Aug. 13--When the summer started, my boyfriend, Noah, and I had three cars at our disposal: a 2003 Volkswagen station wagon, a 1996 Honda Civic and a 1993 Ford F-150 with over 250,000 miles. If they'd been combined, they would have made one pretty good car: the power and smooth transmission of the Volkswagen, the reliability of the Honda and the sheer indestructibility of the Ford.
Unfortunately for us, though, a car is a bit like a family member: you don't get to pick out the best bits you like and discard the rest. You get the whole thing.
For a while, things were going smoothly. I drove the Volkswagen every day -- or the Vogelwagen, as I liked to call it -- averaging between 60 and 90 miles between my Richmond-Petersburg commute and whatever trips I had to make to Hopewell and Dinwiddie to cover my beat. Life was good. The Vogelwagen got good gas mileage, it accelerated on the highway like an athlete just let out of the gate and it shifted gears so smoothly that even driving in the stop-and-go of downtown Petersburg was a pleasure.
Then they started: the warning sensors. Whoever designed the Volkswagens of the early 2000s was deep in a love affair with bells and lights. Not enough windshield fluid? Loud beep whenever the car was started and an aggressive message. Low coolant? Louder beep, more aggressive message. Oil pressure low? STOP, YOU ARE ENDANGERING EVERYTHING DEAR TO YOU.
The last sensor became such a constant presence in my life that I started to feel like I was always carrying a passenger with me when I drove, one whose conversation was composed entirely of ominous warnings about my future. By the time a second mechanic told me the truth, I was resigned to my fate.
The problem, it turned out, stemmed from a chronic oil sludge problem that had afflicted a few years of Volkswagens to such an extent that their drivers won a class-action suit against the company. I, unfortunately, didn't have full documentation of having changed the oil every 5,000 miles on the dot, so no class action rewards for me. Auf Wiedersehen, Vogelwagen.
At this point, the Honda and the Ford were still holding on, although the Honda had lost a side mirror in a freak hit and run and subsequently failed inspection because of a small leak in the fuel tank. Passing inspection was an impossibility until both were fixed.
Luckily, Noah is the son of a father from New England and is thus genetically predisposed to believe that the best way to do anything is to do it oneself. Any unexpected developments -- the sudden crumbling of a part, say, or the sound of silence when something ought to start running -- are met with a long stare followed by, "Huh, that's interesting," or "Well, all right, then."
While the mirror problem got fixed, I took the Ford. I hadn't driven such a big vehicle since I was a doughnut delivery girl driving a van full of pastries, and it took some getting used to. There was a nice view from the high bench seat, and the engine did make a satisfyingly loud noise. Too, people were more deferential about letting me change lanes on I-95.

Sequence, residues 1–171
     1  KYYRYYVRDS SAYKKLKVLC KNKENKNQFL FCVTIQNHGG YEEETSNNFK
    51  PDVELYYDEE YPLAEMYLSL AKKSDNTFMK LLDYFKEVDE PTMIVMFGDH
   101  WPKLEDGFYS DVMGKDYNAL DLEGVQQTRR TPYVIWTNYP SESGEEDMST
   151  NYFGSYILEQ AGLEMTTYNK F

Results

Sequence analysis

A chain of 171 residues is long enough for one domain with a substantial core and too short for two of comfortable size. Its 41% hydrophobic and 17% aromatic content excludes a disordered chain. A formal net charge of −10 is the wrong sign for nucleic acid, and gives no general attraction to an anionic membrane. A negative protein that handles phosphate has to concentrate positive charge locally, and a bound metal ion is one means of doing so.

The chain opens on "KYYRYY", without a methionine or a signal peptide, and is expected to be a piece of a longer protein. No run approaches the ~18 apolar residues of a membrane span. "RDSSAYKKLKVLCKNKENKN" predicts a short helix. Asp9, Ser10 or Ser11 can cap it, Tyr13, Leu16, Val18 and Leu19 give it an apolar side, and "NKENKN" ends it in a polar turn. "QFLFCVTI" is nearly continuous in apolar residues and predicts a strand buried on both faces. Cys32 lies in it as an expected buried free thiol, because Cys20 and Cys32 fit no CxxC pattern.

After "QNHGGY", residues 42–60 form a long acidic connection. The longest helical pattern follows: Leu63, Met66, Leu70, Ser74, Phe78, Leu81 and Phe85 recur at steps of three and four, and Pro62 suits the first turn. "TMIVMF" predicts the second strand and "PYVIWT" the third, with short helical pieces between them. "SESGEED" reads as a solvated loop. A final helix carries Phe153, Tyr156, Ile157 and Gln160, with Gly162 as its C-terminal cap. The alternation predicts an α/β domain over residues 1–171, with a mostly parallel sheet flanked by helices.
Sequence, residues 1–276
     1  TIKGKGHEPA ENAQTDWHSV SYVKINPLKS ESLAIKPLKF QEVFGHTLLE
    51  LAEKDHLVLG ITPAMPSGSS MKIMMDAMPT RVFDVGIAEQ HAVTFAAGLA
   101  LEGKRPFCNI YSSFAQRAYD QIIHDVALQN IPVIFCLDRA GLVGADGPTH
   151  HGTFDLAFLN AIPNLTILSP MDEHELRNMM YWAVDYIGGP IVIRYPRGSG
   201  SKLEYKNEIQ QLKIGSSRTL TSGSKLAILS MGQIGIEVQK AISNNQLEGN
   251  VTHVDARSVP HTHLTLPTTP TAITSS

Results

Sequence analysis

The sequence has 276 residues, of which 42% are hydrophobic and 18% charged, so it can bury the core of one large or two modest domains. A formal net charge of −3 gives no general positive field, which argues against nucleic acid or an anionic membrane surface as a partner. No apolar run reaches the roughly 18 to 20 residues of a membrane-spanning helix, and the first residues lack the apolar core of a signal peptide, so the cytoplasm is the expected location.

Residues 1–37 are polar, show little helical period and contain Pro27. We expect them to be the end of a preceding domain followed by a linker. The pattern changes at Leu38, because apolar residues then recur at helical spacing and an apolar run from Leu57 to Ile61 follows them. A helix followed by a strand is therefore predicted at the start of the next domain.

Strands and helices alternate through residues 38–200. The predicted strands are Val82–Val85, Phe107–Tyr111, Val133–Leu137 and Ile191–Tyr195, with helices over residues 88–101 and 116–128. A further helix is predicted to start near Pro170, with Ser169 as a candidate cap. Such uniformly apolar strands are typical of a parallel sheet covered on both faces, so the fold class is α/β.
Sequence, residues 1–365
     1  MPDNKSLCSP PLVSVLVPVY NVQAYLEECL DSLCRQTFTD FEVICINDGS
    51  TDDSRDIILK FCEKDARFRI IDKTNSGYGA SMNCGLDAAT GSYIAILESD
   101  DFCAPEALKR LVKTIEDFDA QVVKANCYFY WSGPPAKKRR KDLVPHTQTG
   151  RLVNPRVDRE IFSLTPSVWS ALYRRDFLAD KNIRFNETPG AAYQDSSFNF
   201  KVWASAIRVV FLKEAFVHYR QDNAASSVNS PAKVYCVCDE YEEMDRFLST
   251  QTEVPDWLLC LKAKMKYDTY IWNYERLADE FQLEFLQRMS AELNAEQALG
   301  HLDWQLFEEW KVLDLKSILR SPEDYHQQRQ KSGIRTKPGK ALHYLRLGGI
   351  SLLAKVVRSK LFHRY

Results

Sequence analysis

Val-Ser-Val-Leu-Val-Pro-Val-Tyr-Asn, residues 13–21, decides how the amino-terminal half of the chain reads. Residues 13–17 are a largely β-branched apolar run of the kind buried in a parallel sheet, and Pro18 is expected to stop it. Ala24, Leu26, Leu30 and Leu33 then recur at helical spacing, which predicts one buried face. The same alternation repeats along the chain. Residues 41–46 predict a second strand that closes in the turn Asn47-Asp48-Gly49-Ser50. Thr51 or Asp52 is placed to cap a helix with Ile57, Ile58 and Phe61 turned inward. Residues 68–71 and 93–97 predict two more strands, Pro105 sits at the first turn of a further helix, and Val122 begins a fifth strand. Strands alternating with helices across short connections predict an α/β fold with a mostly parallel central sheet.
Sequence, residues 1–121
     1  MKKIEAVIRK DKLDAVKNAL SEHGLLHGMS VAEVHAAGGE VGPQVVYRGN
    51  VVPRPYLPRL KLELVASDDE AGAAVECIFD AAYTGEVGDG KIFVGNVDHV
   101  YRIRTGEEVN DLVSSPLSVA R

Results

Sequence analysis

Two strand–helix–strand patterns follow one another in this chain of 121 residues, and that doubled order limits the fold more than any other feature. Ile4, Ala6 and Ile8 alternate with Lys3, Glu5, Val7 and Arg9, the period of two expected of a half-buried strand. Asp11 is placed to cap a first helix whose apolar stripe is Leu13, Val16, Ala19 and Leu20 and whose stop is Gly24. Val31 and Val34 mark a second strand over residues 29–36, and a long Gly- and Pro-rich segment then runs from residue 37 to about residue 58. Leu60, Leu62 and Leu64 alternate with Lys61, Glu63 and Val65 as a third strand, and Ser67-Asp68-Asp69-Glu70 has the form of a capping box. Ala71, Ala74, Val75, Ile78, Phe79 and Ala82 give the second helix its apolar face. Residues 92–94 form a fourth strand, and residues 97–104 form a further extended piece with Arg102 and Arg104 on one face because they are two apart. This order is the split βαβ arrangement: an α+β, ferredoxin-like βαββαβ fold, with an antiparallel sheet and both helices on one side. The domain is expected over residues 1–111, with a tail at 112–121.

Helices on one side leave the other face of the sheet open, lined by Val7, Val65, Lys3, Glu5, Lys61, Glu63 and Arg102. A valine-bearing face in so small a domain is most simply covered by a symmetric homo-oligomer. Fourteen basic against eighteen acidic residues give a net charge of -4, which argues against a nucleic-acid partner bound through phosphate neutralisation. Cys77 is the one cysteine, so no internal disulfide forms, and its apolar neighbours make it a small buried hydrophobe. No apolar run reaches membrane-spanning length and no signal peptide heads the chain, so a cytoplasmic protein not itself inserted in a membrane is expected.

The rest, though, left something to be desired. Noah had bought the truck at an impound auction in Texas, and during an early attempt to get rid of a peculiar smell pervading the cab, he had removed all of the interior padding. More critically, there was no air conditioning -- and it was Virginia in July. I resigned myself to wearing the same series of sundresses on repeat.
Once the mirror was re-affixed, we switched cars again, and I got the Honda, which I now considered quite cushy because it was air conditioned and the radio console actually showed the numbers of the station you were listening to. Noah set to work installing AC in the Ford, and one Tuesday I left the office with plans of making him a really nice dinner as a way of showing my appreciation for all his part-time mechanic work. I was running through the list of ingredients in my mind as I got into the Honda at 6 p.m. and turned the ignition.
Nothing happened. Huh. That was interesting.
Instead of me going home, Noah came down to The Progress-Index. Two hours and one borrowed Leatherman from a kind pressroom employee revealed that the tiny part that connects the clutch pedal to the starter had fallen out. Connecting jumper cables from the starter to the engine finally produced the sweet hum of a working vehicle. We got takeout sandwiches on the way home.
Another weekend of mechanical labor by Noah got us within spitting distance of having two working cars again. The repaired fuel tank was re-installed in the Honda, waiting for some final steps to secure it in place before the car could be re-inspected. I was looking forward to the weekend and a bit of peace as I drove the Ford, now tepidly air-conditioned, into work.
As I approached Woods Edge Road, the engine started to make an unusual knocking noise. By the time I hit the first exit ramp, the din had gotten so loud it sounded like someone was under the hood with a hammer.
I made it as far as the Ruffin Mill overpass and called Noah. He drove down in the crippled Volkswagen, looked under the hood, listened to the terrible clanging and called a tow truck. Then we sat on the broad bench seat and watched the other cars passing us on the interstate. They went so fast, and their drivers looked so carefree.
After a few minutes Noah picked up the well-thumbed Ford manual and then Googled "how to unseize a Ford F-150 engine" on his phone. By the time the tow truck driver dropped him and the truck off at home, he already had a few ideas about how to get it running again.
As for me, I'm still mulling over a suggestion a friend sent me as I sat under the overpass. "Maybe you should get a horse," she wrote. It's not such a bad idea.
--Sarah Vogelsong is a reporter for The Progress-Index, covering the city of Hopewell and Dinwiddie County. She may be reached at [email protected] or 804-722-5154.
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